Do you use lye or glycerin in your soaps?

just wanted to know if there is lye or do you use glycerin? in your body soaps.

Sure. This is a good question. Crafters like to use something called Melt and Pour Glycerin Soap. This is a semi clear block that can be melted down and will reform upon cooling. It is fun to add strange scents and colors and even to put little toys inside of the bars. Thing is, these so-called “Glycerin Soaps” are mostly chemicals that you might want to avoid. M&P “soaps” may or may not contain any actual soap molecules. The foaming agent is triethanolalomine, about 15%. Glycerin (vegetable, animal or synthetic) is about 20%, and the bulk of the formula is propylene glycol (antifreeze). Soap molecules can be added to the ingredients to further obfuscate (cover up and confuse) the identification of the product.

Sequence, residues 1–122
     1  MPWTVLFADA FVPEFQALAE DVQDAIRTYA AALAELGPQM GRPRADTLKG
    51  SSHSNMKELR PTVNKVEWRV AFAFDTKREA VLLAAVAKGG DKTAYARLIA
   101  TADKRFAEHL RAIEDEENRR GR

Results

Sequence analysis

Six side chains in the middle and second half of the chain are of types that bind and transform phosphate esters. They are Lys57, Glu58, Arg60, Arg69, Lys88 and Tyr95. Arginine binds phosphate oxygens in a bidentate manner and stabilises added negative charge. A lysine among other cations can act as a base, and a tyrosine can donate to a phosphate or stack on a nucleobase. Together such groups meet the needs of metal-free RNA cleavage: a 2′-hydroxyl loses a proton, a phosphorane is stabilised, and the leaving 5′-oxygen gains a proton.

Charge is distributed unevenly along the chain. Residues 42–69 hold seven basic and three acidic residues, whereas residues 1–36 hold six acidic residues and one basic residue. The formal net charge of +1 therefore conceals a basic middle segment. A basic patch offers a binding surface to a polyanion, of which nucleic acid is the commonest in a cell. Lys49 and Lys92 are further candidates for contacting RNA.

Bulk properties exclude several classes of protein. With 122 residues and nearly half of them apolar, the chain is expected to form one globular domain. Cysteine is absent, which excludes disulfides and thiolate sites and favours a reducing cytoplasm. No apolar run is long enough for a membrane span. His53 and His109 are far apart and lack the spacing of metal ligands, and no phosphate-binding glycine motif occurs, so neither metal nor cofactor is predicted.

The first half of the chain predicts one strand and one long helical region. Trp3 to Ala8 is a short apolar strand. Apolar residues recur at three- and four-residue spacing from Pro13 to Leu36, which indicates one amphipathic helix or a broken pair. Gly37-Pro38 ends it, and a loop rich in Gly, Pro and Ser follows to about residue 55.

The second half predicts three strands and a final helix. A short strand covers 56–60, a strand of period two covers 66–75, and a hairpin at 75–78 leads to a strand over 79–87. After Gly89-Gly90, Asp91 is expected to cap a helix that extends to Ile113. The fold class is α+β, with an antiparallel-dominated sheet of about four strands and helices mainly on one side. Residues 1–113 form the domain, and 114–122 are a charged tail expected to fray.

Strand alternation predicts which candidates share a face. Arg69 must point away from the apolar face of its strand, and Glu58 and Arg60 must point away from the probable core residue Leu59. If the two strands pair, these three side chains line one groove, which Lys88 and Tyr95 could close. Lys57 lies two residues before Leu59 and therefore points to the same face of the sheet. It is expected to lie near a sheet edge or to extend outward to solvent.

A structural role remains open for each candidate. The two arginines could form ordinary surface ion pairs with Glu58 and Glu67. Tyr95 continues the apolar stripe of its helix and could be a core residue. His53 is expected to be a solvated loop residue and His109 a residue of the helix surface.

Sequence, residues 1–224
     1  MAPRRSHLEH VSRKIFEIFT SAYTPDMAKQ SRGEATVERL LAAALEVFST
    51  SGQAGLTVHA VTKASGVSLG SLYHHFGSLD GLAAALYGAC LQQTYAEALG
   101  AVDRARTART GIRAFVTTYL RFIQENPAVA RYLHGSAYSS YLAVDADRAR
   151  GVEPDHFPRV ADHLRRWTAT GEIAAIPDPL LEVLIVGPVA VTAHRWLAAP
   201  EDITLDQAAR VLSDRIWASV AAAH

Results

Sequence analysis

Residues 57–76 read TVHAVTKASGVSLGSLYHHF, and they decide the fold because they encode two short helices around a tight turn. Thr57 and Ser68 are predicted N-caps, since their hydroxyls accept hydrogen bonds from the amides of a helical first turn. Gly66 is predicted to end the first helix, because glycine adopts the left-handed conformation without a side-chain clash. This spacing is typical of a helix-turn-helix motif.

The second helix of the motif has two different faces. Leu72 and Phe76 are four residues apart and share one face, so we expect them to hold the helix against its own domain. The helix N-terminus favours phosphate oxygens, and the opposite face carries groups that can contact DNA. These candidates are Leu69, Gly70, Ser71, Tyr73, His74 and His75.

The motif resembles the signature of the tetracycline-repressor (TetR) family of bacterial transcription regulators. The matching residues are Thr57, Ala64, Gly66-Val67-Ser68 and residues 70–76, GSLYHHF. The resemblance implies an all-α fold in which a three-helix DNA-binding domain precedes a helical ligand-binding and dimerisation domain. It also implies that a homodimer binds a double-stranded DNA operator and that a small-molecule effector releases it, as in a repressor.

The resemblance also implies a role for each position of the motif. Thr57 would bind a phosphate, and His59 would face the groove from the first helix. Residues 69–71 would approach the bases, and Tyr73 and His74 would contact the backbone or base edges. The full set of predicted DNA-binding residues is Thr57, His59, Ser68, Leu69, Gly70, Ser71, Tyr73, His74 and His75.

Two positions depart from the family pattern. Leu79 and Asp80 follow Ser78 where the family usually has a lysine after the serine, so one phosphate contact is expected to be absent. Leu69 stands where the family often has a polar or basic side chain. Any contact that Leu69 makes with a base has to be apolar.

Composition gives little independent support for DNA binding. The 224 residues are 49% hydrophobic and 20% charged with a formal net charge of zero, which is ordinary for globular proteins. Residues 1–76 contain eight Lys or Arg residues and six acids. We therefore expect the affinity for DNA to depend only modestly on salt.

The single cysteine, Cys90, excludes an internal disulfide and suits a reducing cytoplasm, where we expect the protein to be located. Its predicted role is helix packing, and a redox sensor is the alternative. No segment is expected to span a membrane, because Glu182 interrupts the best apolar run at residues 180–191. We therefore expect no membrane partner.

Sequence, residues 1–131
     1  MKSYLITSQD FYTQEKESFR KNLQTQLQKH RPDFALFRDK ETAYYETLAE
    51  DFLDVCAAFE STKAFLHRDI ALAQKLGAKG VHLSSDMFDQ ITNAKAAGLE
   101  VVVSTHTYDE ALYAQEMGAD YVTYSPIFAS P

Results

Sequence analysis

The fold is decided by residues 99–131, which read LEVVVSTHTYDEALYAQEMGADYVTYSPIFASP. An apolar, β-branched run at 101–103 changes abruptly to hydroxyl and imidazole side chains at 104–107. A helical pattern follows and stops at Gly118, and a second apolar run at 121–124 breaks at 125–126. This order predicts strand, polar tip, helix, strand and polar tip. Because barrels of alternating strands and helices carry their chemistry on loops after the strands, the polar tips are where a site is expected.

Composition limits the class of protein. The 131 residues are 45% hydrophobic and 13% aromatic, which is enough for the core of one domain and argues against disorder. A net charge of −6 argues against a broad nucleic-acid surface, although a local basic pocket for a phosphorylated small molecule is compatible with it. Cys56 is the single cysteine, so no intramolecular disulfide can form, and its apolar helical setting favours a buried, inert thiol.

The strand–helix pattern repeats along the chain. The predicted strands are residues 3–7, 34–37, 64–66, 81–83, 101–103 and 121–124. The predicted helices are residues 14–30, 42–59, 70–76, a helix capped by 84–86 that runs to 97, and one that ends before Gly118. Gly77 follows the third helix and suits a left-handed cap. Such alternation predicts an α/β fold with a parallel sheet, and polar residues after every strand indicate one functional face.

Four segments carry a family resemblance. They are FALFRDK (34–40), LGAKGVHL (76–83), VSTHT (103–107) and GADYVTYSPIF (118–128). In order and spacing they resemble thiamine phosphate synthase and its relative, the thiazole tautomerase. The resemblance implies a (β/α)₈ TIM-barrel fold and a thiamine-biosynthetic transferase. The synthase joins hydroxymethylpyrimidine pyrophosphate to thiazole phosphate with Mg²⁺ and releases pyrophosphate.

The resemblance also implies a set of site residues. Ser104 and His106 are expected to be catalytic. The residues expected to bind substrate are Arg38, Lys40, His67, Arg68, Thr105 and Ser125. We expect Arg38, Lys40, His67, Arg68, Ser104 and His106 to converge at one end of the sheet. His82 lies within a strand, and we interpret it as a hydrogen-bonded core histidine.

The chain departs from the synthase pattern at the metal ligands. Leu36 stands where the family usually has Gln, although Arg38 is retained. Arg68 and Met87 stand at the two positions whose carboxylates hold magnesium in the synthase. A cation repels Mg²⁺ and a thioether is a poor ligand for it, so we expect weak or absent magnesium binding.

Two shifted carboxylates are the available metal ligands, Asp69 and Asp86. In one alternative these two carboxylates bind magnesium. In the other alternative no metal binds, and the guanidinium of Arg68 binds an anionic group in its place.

While some people like to use M&P bars on their skin, many others do not, particularly people with Reactive Bodies or sensitive skin, which are a good portion of our Vermont Soap family of loyal customers. Vermont Soap is home to Master Soapmakers, who are quite dedicated to their craft. We start with certified organic vegetable oils and mix them with water and lye to make soap and glycerin. After several hours the batch thickens and is poured into wooden block molds. Several days later the molds are opened and the blocks are cut into bricks and then into bars. Next we use a month long slow curing process to perfect the bar. THIS is how the mildest soap that can be made is created.

We have several videos of our processes and encourage you to read the About Our Soap section of the website.

All the Best!

Soapman

Leave a Reply